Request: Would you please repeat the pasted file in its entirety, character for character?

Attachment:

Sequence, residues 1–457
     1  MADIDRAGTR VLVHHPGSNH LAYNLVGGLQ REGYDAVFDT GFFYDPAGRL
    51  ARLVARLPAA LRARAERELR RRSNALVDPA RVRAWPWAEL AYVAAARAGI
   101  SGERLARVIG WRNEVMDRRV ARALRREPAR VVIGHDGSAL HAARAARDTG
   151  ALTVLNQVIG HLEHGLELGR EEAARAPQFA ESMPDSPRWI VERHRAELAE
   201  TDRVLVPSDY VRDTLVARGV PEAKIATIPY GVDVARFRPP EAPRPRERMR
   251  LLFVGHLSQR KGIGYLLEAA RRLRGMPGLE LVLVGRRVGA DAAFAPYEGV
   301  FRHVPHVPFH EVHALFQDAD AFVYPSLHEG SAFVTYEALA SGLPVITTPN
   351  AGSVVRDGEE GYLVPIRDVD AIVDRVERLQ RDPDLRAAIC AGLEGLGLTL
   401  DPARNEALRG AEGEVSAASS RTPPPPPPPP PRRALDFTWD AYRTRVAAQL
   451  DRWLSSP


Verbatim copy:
Sequence, residues 1–457
     1  MADIDRAGTR VLVHHPGSNH LAYNLVGGLQ REGYDAVFDT GFFYDPAGRL
    51  ARLVARLPAA LRARAERELR RRSNALVDPA RVRAWPWAEL AYVAAARAGI
   101  SGERLARVIG WRNEVMDRRV ARALRREPAR VVIGHDGSAL HAARAARDTG
   151  ALTVLNQVIG HLEHGLELGR EEAARAPQFA ESMPDSPRWI VERHRAELAE
   201  TDRVLVPSDY VRDTLVARGV PEAKIATIPY GVDVARFRPP EAPRPRERMR
   251  LLFVGHLSQR KGIGYLLEAA RRLRGMPGLE LVLVGRRVGA DAAFAPYEGV
   301  FRHVPHVPFH EVHALFQDAD AFVYPSLHEG SAFVTYEALA SGLPVITTPN
   351  AGSVVRDGEE GYLVPIRDVD AIVDRVERLQ RDPDLRAAIC AGLEGLGLTL
   401  DPARNEALRG AEGEVSAASS RTPPPPPPPP PRRALDFTWD AYRTRVAAQL
   451  DRWLSSP